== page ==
And 'fuzzy' I've been. I tried to raise this blog, in the meantime, to be a combination of a realtime and nonfiction version of my fictional/experimental blog. Sometimes it worked. In fact, a lot of the time it worked. I wrote a lot of stuff I'm hugely proud of. Proud of enough to end sentences with prepositions in their reference. Proud of enough to think some of it's the best I've ever written. But it's not my blog. It's a more grandiose exercise I meant to restrict to elsewhere. This... this is meant to be my chronicle. My diary online and my outpouring for all that I like to write but can't confine to fiction.

Which is a whole new story. As it should be. My fiction. I write fiction. This sort of wandering, meandering silliness that I tap out on my keyboard has no place there (except for the odd fun dialogue). It needs an outlet, which is what this is for; my whimsical chat.

I don't know why, but since I finished my first draft (more later), this became less of a chronicle and more of a narrative. Fuck personal narratives. I'm not dead yet and I don't plan to be anytime soon. It's all the fucking same anyway. I taste wine and fail to write. I watch DVDs and movies and fail to write. I taste wine, watch DVDs, take roles in student productions and fail to write.

I used to write so much.

So maybe it's because I lost some sort of sight. Maybe it's that, as a friend mentioned, I'd written so much I needed a break. Perhaps I just got bored of writing that way. Of saying what was going on in my life was important. Maybe I wasn't writing to the same person anymore. I chatted, bantered, discussed, argued, painted, snapped, brushed, hinted at what was going on and somehow that became wordplay. And I love wordplay. Maybe all that went away and nothing took the place of it.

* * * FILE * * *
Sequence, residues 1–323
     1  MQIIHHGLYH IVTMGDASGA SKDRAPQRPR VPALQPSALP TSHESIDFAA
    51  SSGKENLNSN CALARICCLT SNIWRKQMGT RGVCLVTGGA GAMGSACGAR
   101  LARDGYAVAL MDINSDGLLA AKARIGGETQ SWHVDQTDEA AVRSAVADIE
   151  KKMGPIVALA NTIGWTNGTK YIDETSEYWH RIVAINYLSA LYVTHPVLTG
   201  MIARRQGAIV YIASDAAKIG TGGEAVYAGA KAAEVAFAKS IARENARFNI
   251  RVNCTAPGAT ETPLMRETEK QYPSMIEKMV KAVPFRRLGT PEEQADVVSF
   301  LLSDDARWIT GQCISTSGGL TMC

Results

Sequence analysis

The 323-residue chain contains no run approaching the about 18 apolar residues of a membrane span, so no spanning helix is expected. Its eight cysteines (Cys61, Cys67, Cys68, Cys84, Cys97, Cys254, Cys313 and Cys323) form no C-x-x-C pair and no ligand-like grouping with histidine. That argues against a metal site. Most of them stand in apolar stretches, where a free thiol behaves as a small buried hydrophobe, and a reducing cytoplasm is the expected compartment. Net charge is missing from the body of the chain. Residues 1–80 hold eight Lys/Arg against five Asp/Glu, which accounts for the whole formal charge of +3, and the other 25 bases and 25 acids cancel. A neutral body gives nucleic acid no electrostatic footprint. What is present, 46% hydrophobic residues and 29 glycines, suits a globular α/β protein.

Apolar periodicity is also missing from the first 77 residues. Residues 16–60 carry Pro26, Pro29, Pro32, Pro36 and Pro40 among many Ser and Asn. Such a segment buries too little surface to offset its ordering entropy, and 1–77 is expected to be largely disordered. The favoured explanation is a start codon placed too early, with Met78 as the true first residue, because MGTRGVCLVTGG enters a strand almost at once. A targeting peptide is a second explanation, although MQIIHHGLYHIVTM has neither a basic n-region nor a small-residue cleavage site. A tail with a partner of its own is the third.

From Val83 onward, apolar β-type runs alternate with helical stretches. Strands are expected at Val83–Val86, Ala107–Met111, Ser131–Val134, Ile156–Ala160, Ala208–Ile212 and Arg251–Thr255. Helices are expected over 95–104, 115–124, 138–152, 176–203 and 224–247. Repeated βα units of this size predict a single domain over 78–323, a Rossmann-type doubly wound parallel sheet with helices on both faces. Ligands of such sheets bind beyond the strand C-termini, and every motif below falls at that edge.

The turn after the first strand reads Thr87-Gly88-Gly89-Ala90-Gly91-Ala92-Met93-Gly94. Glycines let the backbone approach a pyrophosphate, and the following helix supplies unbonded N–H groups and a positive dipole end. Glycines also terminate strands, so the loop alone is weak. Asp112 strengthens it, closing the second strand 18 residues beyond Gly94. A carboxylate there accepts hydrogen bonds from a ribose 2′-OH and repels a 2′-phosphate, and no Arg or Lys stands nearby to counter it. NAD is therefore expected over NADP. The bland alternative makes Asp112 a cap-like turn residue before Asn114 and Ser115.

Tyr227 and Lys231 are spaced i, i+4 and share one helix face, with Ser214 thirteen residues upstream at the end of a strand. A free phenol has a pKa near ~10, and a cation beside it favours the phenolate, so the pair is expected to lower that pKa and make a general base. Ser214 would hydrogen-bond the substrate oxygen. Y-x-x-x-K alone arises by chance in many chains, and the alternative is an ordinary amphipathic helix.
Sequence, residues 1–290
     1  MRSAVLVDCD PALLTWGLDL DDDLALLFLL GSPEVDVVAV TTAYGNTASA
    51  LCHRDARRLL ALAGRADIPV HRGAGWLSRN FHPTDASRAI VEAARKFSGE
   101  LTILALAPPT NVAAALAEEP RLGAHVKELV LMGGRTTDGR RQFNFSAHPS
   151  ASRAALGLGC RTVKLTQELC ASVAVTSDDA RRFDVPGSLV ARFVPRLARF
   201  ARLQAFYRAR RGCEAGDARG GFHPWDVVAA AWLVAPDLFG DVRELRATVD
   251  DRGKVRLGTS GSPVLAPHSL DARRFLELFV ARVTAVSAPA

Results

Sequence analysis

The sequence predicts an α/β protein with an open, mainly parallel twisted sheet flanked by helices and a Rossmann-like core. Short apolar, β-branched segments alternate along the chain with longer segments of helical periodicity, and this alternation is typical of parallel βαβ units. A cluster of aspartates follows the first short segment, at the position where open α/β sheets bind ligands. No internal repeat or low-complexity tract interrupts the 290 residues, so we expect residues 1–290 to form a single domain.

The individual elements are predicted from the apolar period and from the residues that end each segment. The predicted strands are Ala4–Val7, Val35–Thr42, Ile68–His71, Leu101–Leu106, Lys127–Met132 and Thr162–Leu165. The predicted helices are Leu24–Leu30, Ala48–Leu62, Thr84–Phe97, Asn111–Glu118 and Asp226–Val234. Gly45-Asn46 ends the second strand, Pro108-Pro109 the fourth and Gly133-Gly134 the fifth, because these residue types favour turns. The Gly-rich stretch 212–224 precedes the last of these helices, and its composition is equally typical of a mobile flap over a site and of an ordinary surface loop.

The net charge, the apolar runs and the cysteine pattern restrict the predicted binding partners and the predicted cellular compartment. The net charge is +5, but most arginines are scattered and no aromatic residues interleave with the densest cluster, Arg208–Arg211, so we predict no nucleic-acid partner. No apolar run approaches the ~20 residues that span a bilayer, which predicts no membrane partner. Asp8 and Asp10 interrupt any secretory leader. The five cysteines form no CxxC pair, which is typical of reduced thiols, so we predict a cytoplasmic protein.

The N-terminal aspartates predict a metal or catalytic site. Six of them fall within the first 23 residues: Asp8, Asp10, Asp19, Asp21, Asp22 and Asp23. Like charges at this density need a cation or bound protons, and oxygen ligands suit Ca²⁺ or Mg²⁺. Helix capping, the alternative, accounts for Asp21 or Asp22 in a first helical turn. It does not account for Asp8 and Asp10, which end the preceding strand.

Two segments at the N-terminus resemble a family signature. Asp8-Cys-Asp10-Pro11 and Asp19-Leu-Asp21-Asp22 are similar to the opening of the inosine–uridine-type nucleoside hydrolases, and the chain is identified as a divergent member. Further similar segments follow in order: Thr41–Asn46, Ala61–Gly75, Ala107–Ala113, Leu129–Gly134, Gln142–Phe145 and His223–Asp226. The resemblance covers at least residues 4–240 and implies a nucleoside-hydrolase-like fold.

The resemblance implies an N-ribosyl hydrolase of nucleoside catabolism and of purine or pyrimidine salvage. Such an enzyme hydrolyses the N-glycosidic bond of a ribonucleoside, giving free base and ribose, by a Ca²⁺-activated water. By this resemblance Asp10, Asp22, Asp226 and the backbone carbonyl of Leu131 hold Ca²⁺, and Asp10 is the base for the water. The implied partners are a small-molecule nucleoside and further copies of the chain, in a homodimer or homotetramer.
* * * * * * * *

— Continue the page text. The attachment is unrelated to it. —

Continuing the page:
I hadn't found some tome to scribble what I wasn't writing here - there was no confidant to bear the burden of my drivel. It just wasn't being said.

And I stumbled, slipped and possibly gripped the wrong sloppy metaphors on my way down the very large pile of unwritten stuff.

This is creaky, a little bit weepy. Look at the good old days, with pictures and everything. If you are really a lover of this blog, go back. Go back to here, and start the year of 2006. Scroll down to the bottom and start the year. Read it. It's not my best writing, but it's probably my best chronicling. It's where this blog is heading back towards. It's going back to the days of scratching my head and pondering hangovers, banter that approaches witty and a self-awareness of how silly it is to leave my person open to all and yet read by so few. So give me some chat back. Love, hate, revile or simply shrug - but share it.